Keeping Up Appearances

On the following day, when they came from Bethany, Jesus was hungry. 13 And seeing in the distance a fig tree in leaf, he went to see if he could find anything on it. When he came to it, he found nothing but leaves, for it was not the season for figs. 14 And he said to it, “May no one ever eat fruit from you again.” And his disciples heard it.

15 And they came to Jerusalem. And he entered the temple and began to drive out those who sold and those who bought in the temple, and he overturned the tables of the money-changers and the seats of those who sold pigeons. 16 And he would not allow anyone to carry anything through the temple.17 And he was teaching them and saying to them, “Is it not written, ‘My house shall be called a house of prayer for all the nations’? But you have made it a den of robbers.”18 And the chief priests and the scribes heard it and were seeking a way to destroy him, for they feared him, because all the crowd was astonished at his teaching. 19 And when evening came they went out of the city. – Mark 11:12-19


Three crocks and a wash tub hang out in the hall of the Kleb house at Kleb Woods. Photo taken September 2016.

Perhaps you’ve seen the hilariously-funny British comedy, Keeping Up Appearances. The main character is Hyacinth Bucket (pronounced by her at every opportunity “bouquet”!). Hyacinth is deeply worried about how other people see her, she will make a point of mentioning that she is serving tea in her hand-painted china. When she received a wrong number telephone call she insisted: “This is not the Chinese restaurant. This is a residential number and you are speaking to the lady of the house on a white, slim line telephone with last number redial facility.” Hyacinth is obsessed with looking good in the eyes of others.

So was the fig tree Jesus encounters in Jerusalem before heading to the temple and after his arrival on Palm Sunday. The tree was showing good outward signs of life (green leaves) which would also suggest the presence of figs – even if many would be only partially ripe. But the tree had no figs. It was all good appearance from afar, but no fruit was there.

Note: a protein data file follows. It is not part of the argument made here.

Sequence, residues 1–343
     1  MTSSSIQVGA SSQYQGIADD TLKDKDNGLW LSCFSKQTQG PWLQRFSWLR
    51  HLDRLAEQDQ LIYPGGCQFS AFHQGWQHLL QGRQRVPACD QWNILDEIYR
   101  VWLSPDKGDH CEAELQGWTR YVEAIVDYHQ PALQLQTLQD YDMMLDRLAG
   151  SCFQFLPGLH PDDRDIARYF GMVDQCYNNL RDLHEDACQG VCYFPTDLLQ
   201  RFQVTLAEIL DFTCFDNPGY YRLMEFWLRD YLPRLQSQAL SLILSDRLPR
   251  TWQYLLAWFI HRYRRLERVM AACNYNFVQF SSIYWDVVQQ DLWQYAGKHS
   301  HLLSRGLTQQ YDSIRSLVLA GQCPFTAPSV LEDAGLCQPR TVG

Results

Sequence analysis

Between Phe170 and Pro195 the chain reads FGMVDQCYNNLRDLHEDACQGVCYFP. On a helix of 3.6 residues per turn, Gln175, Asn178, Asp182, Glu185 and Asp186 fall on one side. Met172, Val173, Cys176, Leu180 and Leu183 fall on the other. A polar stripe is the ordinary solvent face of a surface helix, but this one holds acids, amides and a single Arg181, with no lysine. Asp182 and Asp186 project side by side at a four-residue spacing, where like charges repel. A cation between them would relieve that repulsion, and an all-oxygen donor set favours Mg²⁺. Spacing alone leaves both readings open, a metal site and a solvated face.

The same was the case at the temple when Jesus walks in. Lots of activity; people coming and going. Merchants selling their wares. But activity does not equate life. Just because lots of people are gathering and much is going on in any church does not mean that people are drawing near to God or that true life is in abundance.

Jesus does not care if we look busy or seem active – unless such business and activity is expressing true faith. The activities in the temple courts were doing the opposite of that. Not only were they preventing God’s house from being a house of prayer for all nations, they were taking advantage of their own people. By selling pigeons and changing money at exorbitant prices and rates they were defrauding their fellow Jews as well as keeping people from offering their prayers to God. Their activities may have had the appearance of godliness, but they were anything else.

Hyacinth’s posturing grows old quickly; I start laughing, but soon begin shaking my head in pity for one so worried about making a good impression. God’s solution to our need to impress was to lay aside all appearance of deity and grant access to himself through the life, suffering, death and resurrection of Jesus. His appearance was nothing that would attract attention, but his message and ministry has changed the course of eternity for all who believe in him.

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